What Happens if I Change My Domain Name?

What Happens if I Change My Domain Name?

Posted on January 23, 2020 Mary Merritt

When it comes to domain names, think of it like this: the longer your domain has been around, the longer it has been building TRUST with Google and other search engines that try to shadow Google's "rithmics." However, all of the changes in Google continue to show everyone that they are just looking for great brands. That leads me to believe that as long as the domain change improves your company's branding on the web, it can't hurt in the long run. Let's explore a bit.

Keyword-rich TLDs (top level domains) don't matter anymore.

If you've been marketing on the web since the early 2000s, you remember the days of the "domain land rush." Back when using keywords in your top level domain actually mattered to Google, people would buy up domains with good keywords in them to rank. It was just one of many, many ways that a person could game Google. Soon the engineering team at Google started getting annoyed when the SERPs (search engine result pages) were showing 40 variations of "www cottonsocks com." Because of this, they decided that buying a domain name shouldn't hold weight in your positioning.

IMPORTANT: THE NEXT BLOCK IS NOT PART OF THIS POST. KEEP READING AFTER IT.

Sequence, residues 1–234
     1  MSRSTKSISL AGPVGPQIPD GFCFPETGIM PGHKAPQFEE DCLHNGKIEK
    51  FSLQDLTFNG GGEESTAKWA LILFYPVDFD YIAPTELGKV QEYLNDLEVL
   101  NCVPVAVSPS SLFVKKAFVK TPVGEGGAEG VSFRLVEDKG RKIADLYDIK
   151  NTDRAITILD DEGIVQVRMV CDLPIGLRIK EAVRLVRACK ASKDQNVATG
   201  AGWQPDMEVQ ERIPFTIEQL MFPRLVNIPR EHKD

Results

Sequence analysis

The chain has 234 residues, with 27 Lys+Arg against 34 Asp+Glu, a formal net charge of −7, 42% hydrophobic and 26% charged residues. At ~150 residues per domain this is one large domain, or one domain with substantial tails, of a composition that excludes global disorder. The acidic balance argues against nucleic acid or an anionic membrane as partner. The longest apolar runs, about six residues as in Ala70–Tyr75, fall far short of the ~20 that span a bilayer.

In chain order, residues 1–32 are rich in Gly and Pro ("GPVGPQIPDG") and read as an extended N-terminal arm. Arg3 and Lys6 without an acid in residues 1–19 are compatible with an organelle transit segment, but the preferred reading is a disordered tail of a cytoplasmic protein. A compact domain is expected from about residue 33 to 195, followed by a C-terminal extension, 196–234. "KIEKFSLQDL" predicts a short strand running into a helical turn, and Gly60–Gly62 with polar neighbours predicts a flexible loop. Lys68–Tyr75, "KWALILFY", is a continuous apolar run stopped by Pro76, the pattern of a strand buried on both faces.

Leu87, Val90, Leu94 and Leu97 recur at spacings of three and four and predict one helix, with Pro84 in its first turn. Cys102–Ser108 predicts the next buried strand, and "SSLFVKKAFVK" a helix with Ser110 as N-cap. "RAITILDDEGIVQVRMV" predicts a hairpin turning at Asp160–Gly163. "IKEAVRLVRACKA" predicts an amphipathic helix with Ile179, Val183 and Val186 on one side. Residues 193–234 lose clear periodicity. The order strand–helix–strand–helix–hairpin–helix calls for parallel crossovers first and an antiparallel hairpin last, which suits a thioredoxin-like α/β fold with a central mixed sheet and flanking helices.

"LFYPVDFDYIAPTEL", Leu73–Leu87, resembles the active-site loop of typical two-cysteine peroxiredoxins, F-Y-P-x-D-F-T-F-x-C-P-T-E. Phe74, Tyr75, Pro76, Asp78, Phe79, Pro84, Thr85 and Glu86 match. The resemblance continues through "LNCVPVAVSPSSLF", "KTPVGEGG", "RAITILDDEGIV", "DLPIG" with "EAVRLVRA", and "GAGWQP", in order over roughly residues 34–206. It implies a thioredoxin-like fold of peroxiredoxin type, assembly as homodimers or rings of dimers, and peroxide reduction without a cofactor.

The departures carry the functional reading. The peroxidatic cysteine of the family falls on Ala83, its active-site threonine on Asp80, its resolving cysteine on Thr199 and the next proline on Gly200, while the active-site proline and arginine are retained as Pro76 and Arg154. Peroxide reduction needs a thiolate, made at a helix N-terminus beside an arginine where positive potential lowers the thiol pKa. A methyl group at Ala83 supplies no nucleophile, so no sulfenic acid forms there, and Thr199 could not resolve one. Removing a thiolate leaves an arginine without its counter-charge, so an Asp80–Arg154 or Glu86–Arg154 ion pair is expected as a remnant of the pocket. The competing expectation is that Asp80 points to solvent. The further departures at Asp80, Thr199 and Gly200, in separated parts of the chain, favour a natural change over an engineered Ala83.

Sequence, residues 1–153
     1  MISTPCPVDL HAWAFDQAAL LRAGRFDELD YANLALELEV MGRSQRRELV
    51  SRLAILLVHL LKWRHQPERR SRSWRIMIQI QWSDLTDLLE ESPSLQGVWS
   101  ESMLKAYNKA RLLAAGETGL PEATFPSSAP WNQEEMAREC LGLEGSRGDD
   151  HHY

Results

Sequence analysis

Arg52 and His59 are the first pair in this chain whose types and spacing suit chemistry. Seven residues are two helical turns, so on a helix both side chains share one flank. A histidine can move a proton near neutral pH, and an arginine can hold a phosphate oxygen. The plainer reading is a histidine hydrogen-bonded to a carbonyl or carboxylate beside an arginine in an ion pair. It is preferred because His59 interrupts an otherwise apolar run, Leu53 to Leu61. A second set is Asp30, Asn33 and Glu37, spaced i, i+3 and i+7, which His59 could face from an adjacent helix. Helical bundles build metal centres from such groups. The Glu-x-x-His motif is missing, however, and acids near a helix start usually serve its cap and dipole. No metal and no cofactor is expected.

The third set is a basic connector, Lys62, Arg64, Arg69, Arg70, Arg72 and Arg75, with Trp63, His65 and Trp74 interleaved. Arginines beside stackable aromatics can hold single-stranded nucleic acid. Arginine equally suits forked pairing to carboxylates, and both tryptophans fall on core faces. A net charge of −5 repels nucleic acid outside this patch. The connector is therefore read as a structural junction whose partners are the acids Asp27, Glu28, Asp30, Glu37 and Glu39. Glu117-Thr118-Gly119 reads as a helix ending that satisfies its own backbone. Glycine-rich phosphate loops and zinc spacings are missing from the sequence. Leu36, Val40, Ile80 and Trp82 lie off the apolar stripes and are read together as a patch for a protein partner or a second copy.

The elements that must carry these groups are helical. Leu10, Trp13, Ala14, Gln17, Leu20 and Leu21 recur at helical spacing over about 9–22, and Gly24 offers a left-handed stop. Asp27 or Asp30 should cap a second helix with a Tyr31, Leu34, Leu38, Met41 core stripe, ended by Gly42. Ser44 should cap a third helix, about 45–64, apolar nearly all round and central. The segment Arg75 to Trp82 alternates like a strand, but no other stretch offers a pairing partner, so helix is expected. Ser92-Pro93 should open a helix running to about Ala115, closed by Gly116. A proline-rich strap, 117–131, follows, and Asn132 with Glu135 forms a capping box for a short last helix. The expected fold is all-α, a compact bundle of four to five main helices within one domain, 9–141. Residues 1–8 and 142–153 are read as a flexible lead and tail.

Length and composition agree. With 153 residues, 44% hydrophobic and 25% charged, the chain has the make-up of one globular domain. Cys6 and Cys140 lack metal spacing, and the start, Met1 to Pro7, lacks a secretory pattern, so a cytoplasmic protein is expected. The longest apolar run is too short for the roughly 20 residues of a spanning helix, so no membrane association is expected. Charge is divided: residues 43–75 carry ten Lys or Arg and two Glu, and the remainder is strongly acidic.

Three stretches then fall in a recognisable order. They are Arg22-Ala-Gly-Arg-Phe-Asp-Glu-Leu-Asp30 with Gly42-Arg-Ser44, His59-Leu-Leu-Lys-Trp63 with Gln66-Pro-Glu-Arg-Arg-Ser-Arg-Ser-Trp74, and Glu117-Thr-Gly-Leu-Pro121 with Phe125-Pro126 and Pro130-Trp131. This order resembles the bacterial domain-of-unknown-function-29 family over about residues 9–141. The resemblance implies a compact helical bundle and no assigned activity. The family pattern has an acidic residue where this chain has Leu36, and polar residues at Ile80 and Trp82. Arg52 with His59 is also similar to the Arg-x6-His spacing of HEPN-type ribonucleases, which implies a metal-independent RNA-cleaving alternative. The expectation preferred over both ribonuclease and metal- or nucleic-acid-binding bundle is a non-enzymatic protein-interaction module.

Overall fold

Changing your domain name can be a good idea, and a bad idea.

It really depends on what you are trying to accomplish with the change.

We had a client last year that had a VERY generic domain name (for the sake of anonymity, let's just pretend they sold cotton socks, and their domain name was "www cottonsocks com"). It had a lot of history and authority behind it, but it was very generic. There was also a competitor in the search engines that had almost the exact domain name (singular instead of plural, so imagine "www cottonsock com" floating around them in the search engine result pages). When they asked me if they should change their domain to their company name, I told them two things:

  1. Google is looking for awesome brands that stand out and offer a great experience. Changing your domain name to your company name is a great idea for long-term branding effect.
  2. You will see a dip in organic search traffic (more on that below).

So, we decided to launch the new website on the new domain, and there was a very slight dip in traffic from organic sources at first. This particular client panicked, but we understood. If you've been ranking for a keyword for 10 years and then all of a sudden you're not found for it, that's scary! However, instead of looking at what was LOST, perhaps focusing on what was GAINED would help. This client in particular got a lot of new rankings - in January of 2019, they were ranking for around 82 keywords (organic traffic only). In January of 2020 (6 months after launch), they are ranking for around 145 organic keywords (and growing). Plus, the NEW keywords that they rank for are lower volume but much more relevant to their products. That means less competition, and a better user experience overall. We launched the site about 6 months ago from the date of this post, and it just goes to show that it takes time to build your authority back up after a domain change. But does that mean you shouldn't do it? Again, it all goes back to WHY you are thinking of changing your domain name.